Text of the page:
In highly anticipated comments after a war of words erupted over release windows this week, NBCUniversal (NBCU) CEO Jeff Shell said he expected premium VoD will complement, not replace, theatrical distribution when cinemas reopen.
The executive inflamed tensions between exhibition and distribution sectors when he told The Wall Street Journal on Tuesday that the premium VoD (PVoD) launch of Trolls World Tour – which was accelerated after the Covid-19 pandemic forced theatres to close – exceeded expectations and predicted NBCU and its Universal Pictures division would release films theatrically and on PVoD.
His comments prompted the world’s largest cinema group AMC Theatres to say it would no longer release Universal films at its global sites, sparking a broader, acrimonious exchange involving similar comments from Regal owner Cineworld, and barbed retorts from Universal and the National Association Of Theatre Owners.
Shell attempted to restore some semblance of order in a Q1 earnings call by parent company Comcast on Thursday (April 30). Asked about the company’s thinking on the theatrical business in a post-Covid-19 world, Shell said, “On the PVoD question, I spent a big chunk of the last decade in the film business and there’s no question that theatrical is someday again going to be the central element to our business and the film business.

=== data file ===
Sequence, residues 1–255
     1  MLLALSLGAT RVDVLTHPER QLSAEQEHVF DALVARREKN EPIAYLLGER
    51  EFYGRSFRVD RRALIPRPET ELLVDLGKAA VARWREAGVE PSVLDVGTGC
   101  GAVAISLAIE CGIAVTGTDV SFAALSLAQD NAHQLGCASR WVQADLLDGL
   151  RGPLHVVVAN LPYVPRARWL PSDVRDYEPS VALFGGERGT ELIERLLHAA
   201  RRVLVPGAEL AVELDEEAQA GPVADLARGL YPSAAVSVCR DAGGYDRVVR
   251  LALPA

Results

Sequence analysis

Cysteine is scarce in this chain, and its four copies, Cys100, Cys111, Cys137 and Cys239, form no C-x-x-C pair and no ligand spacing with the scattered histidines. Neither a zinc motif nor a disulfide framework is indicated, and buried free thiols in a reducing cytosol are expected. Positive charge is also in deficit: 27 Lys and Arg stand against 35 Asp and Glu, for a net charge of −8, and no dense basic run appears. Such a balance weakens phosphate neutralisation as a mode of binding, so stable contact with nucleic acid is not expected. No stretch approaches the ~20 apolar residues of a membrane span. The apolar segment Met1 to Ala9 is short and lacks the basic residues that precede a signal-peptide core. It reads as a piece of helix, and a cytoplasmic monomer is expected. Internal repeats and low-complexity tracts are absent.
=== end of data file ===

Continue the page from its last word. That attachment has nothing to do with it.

“It’s how people make their movies and how they expect the movies to be seen. But the flip side is the majority of movies, whether we like it or not, are being consumed at home and it’s not realistic to assume that we’re not going to change, that this part of the business isn’t going to change, like all parts of the business are going to change.”
Shell continued, “As you mentioned, we’re in a current unprecedented environment. We had a number of films including Trolls [Word Tour] that we had worked very hard on and invested a lot of money in, and we really had a choice. Do we delay those movies to a time when we think the theatres are going to be open again? We did that with Fast [F9] and Minions [Minions: The Rise Of Gru]. Do we sell them or move them to streaming – some of our other competitors have done that – or do we do something new to preserve the premium nature of movies?
“And that’s how we came up with the PVoD offering. And first of all I couldn’t be more pleased with Donna Langley [Universal filmed entertainment group chairman] and her team [and] how they executed this. The numbers are really interesting. It provided consumers with a product that they desperately needed at home, particularly if you have a bunch five-year-olds and seven-year-olds running around. And it was good for employees, it kept them working on something, and it gave us an ability to make some money on something that we were proud of.
“The question is when we come out of this what is going to be the model and I would expect that consumers are going to return to the theatres and we will be a part of that. And I also would expect that PVoD is going to be a part of that offering in some way. It’s not going to be a replacement but it’s going to be a complementary element and we’re just going to have to see how long that takes and where that takes us.”
In his opening comments on the call, Comcast chairman and CEO Brian Roberts said of the PVoD release of some films, ”While we’re very pleased with the PVoD success, the particular circumstances of each film are unique and we will determine our future distribution approach on a title-by-title basis.”